*** UPDATE – Unfortunately, After many years of serving great food, The Mark Addy has recently closed its doors. ****
The Mark Addy has been there for as long as I can remember. When I was a teenager, The Mark Addy’s Cheese and Pâté Board was the last word in posh lunching. Urbane Mancunians would cross the bridge to Salford to sit by the River Irwell and drink Mateus Rosé — in a more innocent time, before Harvey Nicks and Selfridges champagne-bars.
Many years had passed before my next visit to The Mark Addy. I attended a gathering of the Gastro Club, a Manchester-based dining club, held there. The charismatic head chef, Robert Owen Brown, served course-after-course of exciting dishes to the gastronomically adventurous.
I don’t propose talking about that evening here, but for those of you who are interested, Deanna Thomas has written an excellent blog-post describing that event. Having said that, here are a few pictures to satisfy your curiosity.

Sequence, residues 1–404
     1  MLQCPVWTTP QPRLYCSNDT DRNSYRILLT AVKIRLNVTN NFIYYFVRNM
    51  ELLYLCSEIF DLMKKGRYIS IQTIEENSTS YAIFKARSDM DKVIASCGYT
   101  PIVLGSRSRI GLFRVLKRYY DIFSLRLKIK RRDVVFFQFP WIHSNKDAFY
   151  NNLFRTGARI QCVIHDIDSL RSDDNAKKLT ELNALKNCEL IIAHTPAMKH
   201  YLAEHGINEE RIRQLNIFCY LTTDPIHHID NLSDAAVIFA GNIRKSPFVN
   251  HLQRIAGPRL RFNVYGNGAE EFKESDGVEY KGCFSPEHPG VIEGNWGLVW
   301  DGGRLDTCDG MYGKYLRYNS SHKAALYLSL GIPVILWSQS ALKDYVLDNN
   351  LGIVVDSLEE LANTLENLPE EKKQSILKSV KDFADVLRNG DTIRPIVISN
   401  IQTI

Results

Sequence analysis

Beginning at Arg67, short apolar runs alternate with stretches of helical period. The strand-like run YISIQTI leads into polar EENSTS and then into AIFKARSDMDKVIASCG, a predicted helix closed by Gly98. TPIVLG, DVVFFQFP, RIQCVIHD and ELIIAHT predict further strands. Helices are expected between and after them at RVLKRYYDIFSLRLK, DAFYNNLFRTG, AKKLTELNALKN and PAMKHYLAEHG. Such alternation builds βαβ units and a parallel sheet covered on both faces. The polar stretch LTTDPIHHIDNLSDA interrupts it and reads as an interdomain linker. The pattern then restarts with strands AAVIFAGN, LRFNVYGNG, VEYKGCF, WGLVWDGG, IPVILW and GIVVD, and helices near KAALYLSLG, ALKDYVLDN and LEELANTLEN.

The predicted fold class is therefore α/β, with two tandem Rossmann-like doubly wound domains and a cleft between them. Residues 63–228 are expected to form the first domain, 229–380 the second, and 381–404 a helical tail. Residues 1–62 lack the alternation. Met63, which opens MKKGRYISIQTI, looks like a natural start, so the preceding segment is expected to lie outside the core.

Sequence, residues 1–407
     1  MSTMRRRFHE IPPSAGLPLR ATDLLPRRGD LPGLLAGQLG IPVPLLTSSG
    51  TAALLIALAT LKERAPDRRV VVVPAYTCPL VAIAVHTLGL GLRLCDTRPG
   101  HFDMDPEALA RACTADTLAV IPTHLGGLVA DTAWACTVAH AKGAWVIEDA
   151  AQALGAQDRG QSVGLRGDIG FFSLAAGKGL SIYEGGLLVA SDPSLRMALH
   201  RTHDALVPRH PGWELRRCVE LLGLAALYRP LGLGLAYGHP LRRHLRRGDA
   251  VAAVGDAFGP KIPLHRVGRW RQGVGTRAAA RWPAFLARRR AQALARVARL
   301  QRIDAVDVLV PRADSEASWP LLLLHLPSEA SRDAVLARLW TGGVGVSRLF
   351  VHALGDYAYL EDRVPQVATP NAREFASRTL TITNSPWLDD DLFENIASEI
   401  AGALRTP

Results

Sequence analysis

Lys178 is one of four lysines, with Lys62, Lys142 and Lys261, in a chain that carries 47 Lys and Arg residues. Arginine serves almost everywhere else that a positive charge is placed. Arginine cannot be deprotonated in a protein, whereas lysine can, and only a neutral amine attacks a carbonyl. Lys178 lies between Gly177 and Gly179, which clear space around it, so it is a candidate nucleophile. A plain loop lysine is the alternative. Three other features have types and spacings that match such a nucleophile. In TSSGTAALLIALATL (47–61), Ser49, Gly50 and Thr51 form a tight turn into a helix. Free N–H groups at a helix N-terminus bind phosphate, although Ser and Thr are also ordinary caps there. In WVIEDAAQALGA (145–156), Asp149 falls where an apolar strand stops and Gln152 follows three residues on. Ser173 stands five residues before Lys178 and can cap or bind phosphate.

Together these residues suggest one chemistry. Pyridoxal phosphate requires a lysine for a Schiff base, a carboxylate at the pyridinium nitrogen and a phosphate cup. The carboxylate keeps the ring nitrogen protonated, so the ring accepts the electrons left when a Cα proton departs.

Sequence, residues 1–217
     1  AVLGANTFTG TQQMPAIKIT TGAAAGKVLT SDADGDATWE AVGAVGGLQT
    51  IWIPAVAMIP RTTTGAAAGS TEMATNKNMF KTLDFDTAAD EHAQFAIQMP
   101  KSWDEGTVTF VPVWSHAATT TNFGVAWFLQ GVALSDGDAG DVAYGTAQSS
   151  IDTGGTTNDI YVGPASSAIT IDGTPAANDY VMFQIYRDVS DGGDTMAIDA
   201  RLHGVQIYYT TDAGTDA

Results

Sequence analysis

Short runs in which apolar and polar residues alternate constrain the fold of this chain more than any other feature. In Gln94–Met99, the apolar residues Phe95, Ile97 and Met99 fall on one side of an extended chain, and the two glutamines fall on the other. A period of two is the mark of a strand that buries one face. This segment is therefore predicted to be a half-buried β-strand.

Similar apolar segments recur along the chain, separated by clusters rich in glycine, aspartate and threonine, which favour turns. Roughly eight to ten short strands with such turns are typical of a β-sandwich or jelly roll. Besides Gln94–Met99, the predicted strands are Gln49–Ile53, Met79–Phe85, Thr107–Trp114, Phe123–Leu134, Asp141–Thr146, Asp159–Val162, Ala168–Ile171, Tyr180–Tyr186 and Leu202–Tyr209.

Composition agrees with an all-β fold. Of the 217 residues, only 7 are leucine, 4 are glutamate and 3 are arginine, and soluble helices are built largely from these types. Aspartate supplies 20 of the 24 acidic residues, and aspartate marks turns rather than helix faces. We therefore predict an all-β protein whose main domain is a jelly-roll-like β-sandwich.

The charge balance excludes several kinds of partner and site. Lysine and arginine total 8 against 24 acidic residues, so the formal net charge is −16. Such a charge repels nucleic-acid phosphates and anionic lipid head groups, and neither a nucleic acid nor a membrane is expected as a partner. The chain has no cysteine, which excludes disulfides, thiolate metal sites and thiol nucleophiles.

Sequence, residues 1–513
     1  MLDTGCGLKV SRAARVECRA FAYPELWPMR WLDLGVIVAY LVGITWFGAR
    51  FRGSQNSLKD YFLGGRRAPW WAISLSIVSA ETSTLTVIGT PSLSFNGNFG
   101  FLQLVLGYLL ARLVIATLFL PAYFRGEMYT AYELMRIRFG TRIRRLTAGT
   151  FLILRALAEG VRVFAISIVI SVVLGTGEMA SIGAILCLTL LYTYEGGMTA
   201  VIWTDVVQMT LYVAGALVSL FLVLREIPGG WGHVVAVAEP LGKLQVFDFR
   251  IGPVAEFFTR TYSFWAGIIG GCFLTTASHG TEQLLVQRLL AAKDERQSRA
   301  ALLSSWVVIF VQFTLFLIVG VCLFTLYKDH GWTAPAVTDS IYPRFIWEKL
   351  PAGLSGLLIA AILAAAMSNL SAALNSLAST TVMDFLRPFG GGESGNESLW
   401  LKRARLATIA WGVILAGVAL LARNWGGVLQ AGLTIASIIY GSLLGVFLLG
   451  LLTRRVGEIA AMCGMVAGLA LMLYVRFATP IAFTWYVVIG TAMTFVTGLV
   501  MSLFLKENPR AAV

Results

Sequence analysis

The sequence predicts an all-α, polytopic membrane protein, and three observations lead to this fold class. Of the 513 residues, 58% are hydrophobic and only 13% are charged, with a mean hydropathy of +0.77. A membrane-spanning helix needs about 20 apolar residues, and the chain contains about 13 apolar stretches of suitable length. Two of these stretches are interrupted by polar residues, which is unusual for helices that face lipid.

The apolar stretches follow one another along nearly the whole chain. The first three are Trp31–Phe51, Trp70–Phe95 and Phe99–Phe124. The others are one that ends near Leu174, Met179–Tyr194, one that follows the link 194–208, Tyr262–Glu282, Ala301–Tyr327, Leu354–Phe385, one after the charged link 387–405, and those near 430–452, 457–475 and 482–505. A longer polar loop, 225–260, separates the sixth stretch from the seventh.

On to the main event, The Sunday Lunch at The Mark Addy. Three of us decided to visit, on a sunny Salford Sunday, and try their Sunday Roast ‘speciality’. We were lucky enough to get a river-side table and ordering was easy…we were there for the beef.
The meat was tender, flavoursome and well cooked (slightly pink in the middle). The potatoes — which had a wonderful taste of beef stock — were some of the best I’d had anywhere. A delicious Yorkshire pudding, cooked in beef dripping, topped the dish, and a generous helping of Mark Addy’s super-savoury gravy covered the whole arrangement. Creamy home-made horseradish added a welcome zing. A superb Sunday Lunch.
I would recommend the Sunday Lunch at The Mark Addy and will definitely visit again — possibly to try their evening menu. Whilst I normally dislike ending on a negative point, however minor, the decor at The Mark Addy has seen better days: the main dining room has a musty and faded appearance. However, the river-side seating offers great views and the food is excellent, so don’t judge this particular book by its cover.